The most commonly used translation for Kansha is gratitude. At Kizuna, we value all the time and support we receive from our participants, volunteers, donors, and community partners. We believe Kansha is more than just thanking someone for their good deeds or time. Kansha can be demonstrated through big acts like community service or fundraising/philanthropy for your community. Kansha can also be demonstrated through smaller actions like opening the door at a restaurant for an elderly couple, helping your parents do the dishes, and even pushing in your chair after you finish eating at your local community center. We share this deep meaning of gratitude with all our students, staff, and volunteers and hope to instill this emotion in future generations to come.
Kansha is important to us, it is one of the values the Issei and Nissei (first and second generation Japanese Americans) valued strongly, and that we hope to continue. We greatly appreciate everything our ancestors have done for our community, we would like to show our gratitude through giving back and ensuring the success of our community through our acts of appreciation.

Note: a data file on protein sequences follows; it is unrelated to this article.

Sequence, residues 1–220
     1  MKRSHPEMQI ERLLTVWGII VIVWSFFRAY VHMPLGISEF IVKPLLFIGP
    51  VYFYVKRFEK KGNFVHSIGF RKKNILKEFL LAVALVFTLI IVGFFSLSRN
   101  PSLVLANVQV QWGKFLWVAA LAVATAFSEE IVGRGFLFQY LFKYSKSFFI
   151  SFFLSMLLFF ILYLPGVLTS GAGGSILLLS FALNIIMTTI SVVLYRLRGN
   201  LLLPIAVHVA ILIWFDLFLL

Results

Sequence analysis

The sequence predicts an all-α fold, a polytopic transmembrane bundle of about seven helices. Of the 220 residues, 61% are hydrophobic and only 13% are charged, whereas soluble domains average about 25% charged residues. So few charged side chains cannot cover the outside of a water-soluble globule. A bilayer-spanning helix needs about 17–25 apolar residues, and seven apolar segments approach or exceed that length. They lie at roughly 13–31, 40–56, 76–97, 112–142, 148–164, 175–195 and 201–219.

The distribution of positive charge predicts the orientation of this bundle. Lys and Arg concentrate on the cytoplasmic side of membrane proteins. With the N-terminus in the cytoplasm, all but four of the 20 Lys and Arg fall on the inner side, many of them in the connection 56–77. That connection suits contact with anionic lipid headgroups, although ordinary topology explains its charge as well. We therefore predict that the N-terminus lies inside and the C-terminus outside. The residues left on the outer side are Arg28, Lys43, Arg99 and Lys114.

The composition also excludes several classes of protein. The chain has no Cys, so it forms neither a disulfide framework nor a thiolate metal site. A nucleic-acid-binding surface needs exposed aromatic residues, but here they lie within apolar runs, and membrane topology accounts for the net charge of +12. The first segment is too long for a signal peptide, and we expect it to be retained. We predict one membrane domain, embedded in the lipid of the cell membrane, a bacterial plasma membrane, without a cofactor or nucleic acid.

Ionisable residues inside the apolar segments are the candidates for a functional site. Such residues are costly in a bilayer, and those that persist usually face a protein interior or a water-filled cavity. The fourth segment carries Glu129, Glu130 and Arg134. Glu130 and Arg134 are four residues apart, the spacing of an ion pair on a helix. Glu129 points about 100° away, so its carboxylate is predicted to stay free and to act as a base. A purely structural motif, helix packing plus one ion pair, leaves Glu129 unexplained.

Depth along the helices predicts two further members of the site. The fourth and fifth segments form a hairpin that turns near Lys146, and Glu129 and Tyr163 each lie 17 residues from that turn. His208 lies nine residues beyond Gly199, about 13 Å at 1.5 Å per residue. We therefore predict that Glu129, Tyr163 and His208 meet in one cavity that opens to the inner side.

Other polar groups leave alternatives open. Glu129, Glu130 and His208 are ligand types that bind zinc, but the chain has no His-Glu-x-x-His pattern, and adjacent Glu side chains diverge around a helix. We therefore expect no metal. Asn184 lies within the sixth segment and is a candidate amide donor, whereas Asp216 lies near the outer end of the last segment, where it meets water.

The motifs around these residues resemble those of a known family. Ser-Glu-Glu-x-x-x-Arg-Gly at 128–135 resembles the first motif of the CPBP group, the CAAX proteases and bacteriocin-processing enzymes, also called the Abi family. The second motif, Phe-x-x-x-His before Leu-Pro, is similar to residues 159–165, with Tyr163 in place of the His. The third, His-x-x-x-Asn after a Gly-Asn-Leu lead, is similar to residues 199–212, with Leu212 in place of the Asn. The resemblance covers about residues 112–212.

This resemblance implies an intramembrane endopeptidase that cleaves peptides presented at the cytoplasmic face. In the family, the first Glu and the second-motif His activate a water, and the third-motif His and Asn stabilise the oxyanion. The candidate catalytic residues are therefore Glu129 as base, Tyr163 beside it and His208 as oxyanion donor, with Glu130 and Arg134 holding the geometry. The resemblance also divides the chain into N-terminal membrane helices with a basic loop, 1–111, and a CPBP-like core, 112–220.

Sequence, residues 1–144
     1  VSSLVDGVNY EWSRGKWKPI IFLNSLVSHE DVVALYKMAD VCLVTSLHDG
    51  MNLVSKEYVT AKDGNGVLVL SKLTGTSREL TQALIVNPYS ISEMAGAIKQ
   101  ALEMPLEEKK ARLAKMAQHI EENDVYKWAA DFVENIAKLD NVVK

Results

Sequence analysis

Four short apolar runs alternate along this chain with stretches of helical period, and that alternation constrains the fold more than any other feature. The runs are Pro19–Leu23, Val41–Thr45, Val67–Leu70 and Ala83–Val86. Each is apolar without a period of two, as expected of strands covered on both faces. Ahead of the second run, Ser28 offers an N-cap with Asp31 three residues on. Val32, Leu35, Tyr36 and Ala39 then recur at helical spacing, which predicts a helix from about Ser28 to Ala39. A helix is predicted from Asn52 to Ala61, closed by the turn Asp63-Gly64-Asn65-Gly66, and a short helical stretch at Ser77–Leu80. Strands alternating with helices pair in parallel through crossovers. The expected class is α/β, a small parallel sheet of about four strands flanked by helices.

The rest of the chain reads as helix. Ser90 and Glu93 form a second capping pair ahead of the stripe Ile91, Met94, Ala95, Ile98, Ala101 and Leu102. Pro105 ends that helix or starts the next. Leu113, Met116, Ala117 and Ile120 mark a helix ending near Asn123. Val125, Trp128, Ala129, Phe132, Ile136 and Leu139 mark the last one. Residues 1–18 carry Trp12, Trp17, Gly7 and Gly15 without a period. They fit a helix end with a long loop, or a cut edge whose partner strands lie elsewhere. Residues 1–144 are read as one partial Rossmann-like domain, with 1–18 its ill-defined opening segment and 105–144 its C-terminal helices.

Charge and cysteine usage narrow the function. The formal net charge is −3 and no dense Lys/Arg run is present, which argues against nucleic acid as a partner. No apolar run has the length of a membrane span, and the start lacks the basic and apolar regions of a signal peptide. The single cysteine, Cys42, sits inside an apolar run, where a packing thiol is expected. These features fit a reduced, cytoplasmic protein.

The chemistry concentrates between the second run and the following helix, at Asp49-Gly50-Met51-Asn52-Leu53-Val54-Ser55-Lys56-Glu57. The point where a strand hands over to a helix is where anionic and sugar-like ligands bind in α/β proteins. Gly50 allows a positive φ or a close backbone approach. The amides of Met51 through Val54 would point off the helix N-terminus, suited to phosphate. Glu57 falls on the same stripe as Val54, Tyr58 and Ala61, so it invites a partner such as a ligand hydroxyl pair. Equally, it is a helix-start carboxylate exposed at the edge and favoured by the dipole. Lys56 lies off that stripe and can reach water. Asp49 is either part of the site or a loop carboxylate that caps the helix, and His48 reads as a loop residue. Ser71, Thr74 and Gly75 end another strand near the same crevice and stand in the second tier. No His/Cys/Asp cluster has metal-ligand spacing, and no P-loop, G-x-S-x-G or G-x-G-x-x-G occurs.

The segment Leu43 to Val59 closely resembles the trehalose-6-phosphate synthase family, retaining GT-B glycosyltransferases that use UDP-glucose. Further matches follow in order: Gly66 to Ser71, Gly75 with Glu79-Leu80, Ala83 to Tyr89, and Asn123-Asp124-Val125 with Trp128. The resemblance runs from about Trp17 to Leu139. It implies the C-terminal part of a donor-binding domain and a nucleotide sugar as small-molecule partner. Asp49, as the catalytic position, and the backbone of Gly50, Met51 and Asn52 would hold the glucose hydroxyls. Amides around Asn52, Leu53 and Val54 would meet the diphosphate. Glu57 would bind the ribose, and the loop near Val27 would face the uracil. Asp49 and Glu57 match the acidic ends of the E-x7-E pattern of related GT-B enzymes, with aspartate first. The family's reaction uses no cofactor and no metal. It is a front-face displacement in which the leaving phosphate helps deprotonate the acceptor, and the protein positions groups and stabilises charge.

As a core value, Kansha is shared in many ways in multiple programs. For our Kansha workshop at Summer Camp, we first teach students what Kansha means, and why it is an important core value. We then do various activities that repeats this value of appreciation and gratitude, these activities include: listing things we are thankful for (both material and intangible things), doing a group gift exchange, writing thank you cards to our parents, and discussing how we share Kansha with others. The workshop ends with students creating their own way of saying thank you (cards, mini-plays, videos, or songs) to someone at camp they appreciate. We use repetition and relatable examples to instill the importance of this value.
Thank you cards
Gifts for/from students
Relationships with those we served